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A PANIC Attack on Unit Roots and Cointegration

  • Jushan Bai

    ()

    (Boston College)

  • Serena Ng

    ()

    (Johns Hopkins University)

This paper develops a new methodology that makes use of the factor structure of large dimensional panels to understand the nature of non-stationarity in the data. We refer to it as PANIC‹ a 'Panel Analysis of Non-stationarity in Idiosyncratic and Common components'. PANIC consists of univariate and panel tests with a number of novel features. It can detect whether the nonstationarity is pervasive, or variable-specific, or both. It tests the components of the data instead of the observed series. Inference is therefore more accurate when the components have different orders of integration. PANIC also permits the construction of valid panel tests even when cross-section correlation invalidates pooling of statistics constructed using the observed data. The key to PANIC is consistent estimation of the components even when the regressions are individually spurious. We provide a rigorous theory for estimation and inference. In Monte Carlo simulations, the tests have very good size and power. PANIC is applied to a panel of inflation series.

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Paper provided by Boston College Department of Economics in its series Boston College Working Papers in Economics with number 519.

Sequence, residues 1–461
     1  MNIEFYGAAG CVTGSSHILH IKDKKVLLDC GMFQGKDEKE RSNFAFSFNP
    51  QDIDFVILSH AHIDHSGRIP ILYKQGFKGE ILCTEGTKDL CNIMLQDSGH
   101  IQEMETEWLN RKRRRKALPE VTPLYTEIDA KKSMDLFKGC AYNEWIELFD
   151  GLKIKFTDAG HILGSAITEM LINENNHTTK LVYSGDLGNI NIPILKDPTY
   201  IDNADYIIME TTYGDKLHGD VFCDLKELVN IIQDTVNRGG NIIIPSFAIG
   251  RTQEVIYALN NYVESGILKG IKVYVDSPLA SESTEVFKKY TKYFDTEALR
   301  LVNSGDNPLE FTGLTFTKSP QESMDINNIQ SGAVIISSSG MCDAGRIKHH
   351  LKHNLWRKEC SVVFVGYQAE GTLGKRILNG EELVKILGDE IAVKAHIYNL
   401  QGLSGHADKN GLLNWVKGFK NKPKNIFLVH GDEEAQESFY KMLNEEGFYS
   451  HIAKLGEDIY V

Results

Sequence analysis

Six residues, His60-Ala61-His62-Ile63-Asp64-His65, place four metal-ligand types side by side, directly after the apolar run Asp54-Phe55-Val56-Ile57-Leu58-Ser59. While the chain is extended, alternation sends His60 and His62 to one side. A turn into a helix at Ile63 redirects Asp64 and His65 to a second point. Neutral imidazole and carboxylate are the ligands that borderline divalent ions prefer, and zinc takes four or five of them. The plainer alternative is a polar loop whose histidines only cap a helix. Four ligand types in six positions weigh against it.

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Date of creation: 01 Dec 2001
Handle: RePEc:boc:bocoec:519
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  25. Levin, Andrew & Lin, Chien-Fu & James Chu, Chia-Shang, 2002. "Unit root tests in panel data: asymptotic and finite-sample properties," Journal of Econometrics, Elsevier, vol. 108(1), pages 1-24, May.
  26. Mario Forni & Marc Hallin & Marco Lippi & Lucrezia Reichlin, 2000. "The Generalized Dynamic-Factor Model: Identification And Estimation," The Review of Economics and Statistics, MIT Press, vol. 82(4), pages 540-554, November.
  27. O'Connell, Paul G. J., 1998. "The overvaluation of purchasing power parity," Journal of International Economics, Elsevier, vol. 44(1), pages 1-19, February.
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